Republic of Türkiye

European Court of Human Rights: Üçdağ v. Turkey

IRIS 2021-9:1/16

Dirk Voorhoof

Human Rights Centre, Ghent University and Legal Human Academy

Once again in a case against Turkey, the European Court of Human Rights (ECtHR) has found a violation of the right to freedom of expression as guaranteed under Article 10 of the European Convention on Human Rights (ECHR). As the Turkish courts had not sufficiently substantiated why two posts on the Facebook account of an imam could be interpreted as propaganda for a terrorist organisation, the ECtHR found that his conviction amounted to an unjustified interference with his right under Article 10 ECHR.

The case concerned Mr Üçdağ’s criminal conviction for disseminating propaganda in favour of a terrorist organisation, on account of two posts published on his Facebook account. Both posts referred to the PKK (the Workers’ Party of Kurdistan, an illegal armed organisation). At the relevant time, Mr Üçdağ was a public official working as an imam at a mosque in the Sur district of Diyarbakır. The impugned posts had included two photographs: one of individuals in uniform similar to that of PKK members, and one of a crowd demonstrating in a public street in front of a fire. The posts had originally been shared by two other Facebook users. In March 2017, the Diyarbakır 5th Assize Court found Mr Üçdağ guilty of the offence of disseminating propaganda in favour of a terrorist organisation and sentenced him to one year, six months and 22 days’ imprisonment, delivery of the judgment being suspended. Mr Üçdağ‘s appeal was dismissed.

Relying on Article 10 ECHR, Mr Üçdağ complained before the ECtHR that his right to freedom of expression had been infringed on account of the criminal proceedings instituted against him. The ECtHR considered the suspended sentence to be an interference with Mr Üçdağ‘s right to freedom of expression. That interference was prescribed by law and pursued a legitimate aim, in compliance with two conditions enshrined in Article 10 § 2 ECHR. The ECtHR came to the conclusion, however, that the interference at issue could not be considered necessary in a democratic society, that condition being the third and most decisive one in the light of Article 10 § 2 ECHR. The ECtHR observed that in describing the impugned posts on Mr Üçdağ‘s Facebook account, the Turkish courts had merely said that the content in question had been such as to incite violence; that he had glorified, condoned and encouraged the terrorist organisation’s methods entailing coercion, violence and threats by sharing that content on his Facebook account; and that he had thereby committed the offence of disseminating propaganda in favour of a terrorist organisation. The ECtHR considered that those decisions lacked an adequate explanation of the reasons why the impugned content had to be interpreted as praising, condoning and encouraging the methods entailing coercion, violence and threats used by the PKK. It noted that the decisions by the domestic courts had failed to take into account all of the principles established in the Courts’ case-law under Article 10 ECHR concerning verbal and written statements presented as fueling or justifying violence, hatred or intolerance. The ECtHR found that the domestic courts had not explained how the sharing of the posts in question could have been considered - in view of their content, context and capacity to lead to harmful consequences, having regard to their potential impact on the social networks under the circumstances of the case - as comprising incitement to the use of violence, armed resistance or uprising, or as amounting to hate speech. The domestic authorities had therefore failed to conduct an in-depth analysis taking account of all the criteria set out in the ECtHR's case-law concerning freedom of expression. On that basis, the ECtHR came to the conclusion that by convicting Mr Üçdağ on a charge of disseminating propaganda in favour of a terrorist organisation by posting the impugned contents on his Facebook account, the domestic authorities had failed to conduct an appropriate balancing exercise, in keeping with the criteria set out in the ECtHR’s case-law, between Mr Üçdağ‘s right to freedom of expression and the legitimate aims pursued (protecting national security and territorial integrity, and preventing disorder and crime). As the Turkish Government had not demonstrated that the grounds relied on by the domestic authorities to justify the impugned measure had been relevant and sufficient, and that that measure had been necessary in a democratic society, the ECtHR found, unanimously, a violation of Article 10 ECHR. The ECtHR also found a violation of Article 6 ECHR (right to fair trial).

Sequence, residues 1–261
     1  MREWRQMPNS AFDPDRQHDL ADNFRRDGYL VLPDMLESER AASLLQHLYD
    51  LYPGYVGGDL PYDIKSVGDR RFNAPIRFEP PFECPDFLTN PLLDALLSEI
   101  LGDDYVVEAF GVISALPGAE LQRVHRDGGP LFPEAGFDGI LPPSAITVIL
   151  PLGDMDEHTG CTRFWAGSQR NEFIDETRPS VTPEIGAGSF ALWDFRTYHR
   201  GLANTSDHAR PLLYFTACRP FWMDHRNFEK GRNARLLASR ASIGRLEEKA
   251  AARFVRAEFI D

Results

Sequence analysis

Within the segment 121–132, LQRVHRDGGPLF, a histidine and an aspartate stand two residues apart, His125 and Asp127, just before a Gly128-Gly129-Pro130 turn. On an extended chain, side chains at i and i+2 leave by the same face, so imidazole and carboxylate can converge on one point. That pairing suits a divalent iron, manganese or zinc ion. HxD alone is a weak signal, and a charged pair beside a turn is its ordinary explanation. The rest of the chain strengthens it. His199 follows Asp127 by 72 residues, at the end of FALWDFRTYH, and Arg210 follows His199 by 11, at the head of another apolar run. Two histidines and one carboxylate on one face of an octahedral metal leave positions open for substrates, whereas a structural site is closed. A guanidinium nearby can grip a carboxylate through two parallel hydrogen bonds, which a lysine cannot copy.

This article has been published in IRIS Legal Observations of the European Audiovisual Observatory.